Where Palaeoecology leads us 1: Guns

hand_gun

 

Our quest for understanding the past, using sediments pushes us to find ways to extract the information in what is sometimes quite an exotic manner, as well as making us visit unexpected and fun places (soon to come, a blog post about the places we have visited lately in our field trips). Here is an example of the fun things we get to do.

 

No blood involved

One fun activity we have been doing is: holding a gun. Not any gun, but a galactic-looking laser-shooting one. I am talking about the portable x-ray fluorescence (XRF) analyser (Thermo), a fantastic piece of technology that allows us to analyse a wide range of elements from the Periodic Table (Figure 1). The gun is very easy to use, with touch-screen and flexibility to customise it, depending of the nature of your sediments. Beware that, because of the nature of this piece of kit, you will need to undertake training in radiation. And: make sure that if you are using it in hand-held format for long periods, that you have strong biceps!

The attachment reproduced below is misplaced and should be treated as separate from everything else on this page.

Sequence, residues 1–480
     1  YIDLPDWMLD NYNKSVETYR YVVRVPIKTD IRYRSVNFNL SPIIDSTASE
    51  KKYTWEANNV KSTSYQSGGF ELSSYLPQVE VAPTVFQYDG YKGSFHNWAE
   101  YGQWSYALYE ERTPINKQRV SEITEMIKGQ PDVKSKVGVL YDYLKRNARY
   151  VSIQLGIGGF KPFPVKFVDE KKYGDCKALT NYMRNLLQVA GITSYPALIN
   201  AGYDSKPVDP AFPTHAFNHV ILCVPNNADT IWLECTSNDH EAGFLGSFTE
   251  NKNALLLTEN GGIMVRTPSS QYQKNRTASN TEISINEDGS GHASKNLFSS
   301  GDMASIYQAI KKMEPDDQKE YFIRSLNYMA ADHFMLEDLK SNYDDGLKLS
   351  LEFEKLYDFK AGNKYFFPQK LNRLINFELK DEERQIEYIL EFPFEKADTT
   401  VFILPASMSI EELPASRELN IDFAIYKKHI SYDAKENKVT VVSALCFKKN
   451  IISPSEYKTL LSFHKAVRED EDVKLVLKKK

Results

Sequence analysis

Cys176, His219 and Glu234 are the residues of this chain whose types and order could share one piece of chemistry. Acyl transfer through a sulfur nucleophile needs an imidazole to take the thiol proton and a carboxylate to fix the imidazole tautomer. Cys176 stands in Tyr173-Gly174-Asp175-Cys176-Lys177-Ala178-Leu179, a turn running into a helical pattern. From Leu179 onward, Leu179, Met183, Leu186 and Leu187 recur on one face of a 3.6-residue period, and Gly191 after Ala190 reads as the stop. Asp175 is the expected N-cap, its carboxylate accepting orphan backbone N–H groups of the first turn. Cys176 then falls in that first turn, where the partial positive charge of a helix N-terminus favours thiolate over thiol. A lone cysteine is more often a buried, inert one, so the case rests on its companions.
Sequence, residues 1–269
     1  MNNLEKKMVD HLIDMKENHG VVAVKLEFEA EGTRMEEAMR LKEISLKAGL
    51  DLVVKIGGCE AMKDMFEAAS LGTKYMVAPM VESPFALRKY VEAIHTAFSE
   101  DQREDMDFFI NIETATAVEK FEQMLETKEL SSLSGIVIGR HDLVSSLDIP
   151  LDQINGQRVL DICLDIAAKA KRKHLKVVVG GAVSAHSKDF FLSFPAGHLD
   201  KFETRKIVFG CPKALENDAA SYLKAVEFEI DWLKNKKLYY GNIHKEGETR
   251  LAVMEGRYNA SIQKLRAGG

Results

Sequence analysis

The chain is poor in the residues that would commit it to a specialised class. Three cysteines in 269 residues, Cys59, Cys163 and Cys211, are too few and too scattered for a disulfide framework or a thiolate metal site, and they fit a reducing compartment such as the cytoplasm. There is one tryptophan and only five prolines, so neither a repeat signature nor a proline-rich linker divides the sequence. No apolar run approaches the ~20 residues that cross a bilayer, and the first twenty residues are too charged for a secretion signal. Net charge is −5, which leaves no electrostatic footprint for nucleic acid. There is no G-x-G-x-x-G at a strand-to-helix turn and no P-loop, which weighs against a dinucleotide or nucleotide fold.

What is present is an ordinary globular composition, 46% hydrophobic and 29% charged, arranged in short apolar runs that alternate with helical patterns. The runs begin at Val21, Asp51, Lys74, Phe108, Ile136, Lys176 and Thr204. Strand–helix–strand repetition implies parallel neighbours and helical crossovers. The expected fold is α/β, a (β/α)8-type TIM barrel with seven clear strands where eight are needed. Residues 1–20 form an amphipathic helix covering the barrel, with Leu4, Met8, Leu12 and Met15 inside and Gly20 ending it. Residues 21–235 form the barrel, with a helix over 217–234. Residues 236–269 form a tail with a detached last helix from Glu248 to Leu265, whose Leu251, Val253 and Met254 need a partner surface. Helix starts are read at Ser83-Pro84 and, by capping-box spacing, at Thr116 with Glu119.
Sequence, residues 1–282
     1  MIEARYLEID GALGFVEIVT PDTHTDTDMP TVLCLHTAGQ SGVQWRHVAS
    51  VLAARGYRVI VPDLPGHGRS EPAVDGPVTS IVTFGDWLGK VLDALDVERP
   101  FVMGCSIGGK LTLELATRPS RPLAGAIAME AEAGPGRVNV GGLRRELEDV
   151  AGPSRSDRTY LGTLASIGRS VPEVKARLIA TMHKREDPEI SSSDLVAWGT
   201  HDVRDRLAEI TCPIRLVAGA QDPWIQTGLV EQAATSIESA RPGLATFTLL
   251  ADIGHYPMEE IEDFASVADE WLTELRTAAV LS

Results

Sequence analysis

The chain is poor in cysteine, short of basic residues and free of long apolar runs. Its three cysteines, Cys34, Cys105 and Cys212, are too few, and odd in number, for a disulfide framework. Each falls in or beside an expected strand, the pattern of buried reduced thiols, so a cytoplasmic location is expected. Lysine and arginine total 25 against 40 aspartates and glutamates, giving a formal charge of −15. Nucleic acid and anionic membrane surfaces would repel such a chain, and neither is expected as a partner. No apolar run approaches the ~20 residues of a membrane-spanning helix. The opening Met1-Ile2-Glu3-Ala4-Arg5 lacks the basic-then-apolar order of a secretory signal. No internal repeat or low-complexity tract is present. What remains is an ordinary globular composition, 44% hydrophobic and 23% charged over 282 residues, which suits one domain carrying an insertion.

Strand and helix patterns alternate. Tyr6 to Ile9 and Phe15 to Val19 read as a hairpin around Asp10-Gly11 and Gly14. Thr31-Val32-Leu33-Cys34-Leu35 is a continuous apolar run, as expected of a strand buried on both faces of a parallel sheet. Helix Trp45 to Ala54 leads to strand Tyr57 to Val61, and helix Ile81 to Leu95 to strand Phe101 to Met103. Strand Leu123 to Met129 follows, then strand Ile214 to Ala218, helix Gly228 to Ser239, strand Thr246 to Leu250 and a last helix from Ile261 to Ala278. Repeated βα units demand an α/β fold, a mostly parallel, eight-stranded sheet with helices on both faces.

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Figure 1. The portable x-ray fluorescence (XRF) analyser (Thermo) in action. Russian core being measured.

 

 

Results from this technique have several applications that go from cross-correlating cores within a site to understanding the past environmental characteristics and deposits of the sediments. The fast processing time and resolution available with this method (1cm) enable results to be obtained very quickly, and allow one to understand the nature of the sediments in a non-destructible way (which is very much appreciated when you have only small volumes of sediments at your disposal with Russian cores!). The results can be imported into the computer and easily opened in an excel spread sheet (Figure 2).

 

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Figure 2. Excel spreadsheet with XRF results from a bog core

 

Next steps will be correlating the XRF results with other analyses, such as magnetic susceptibility and pollen analysis. I am really looking forward to seeing what these multi-proxy analyses reveal.

 

By Macarena Cárdenas

 

 

One thought on “Where Palaeoecology leads us 1: Guns

  1. Pingback: Jê Landscapes of Southern Brazil ­ Studying Je sediments with a gun

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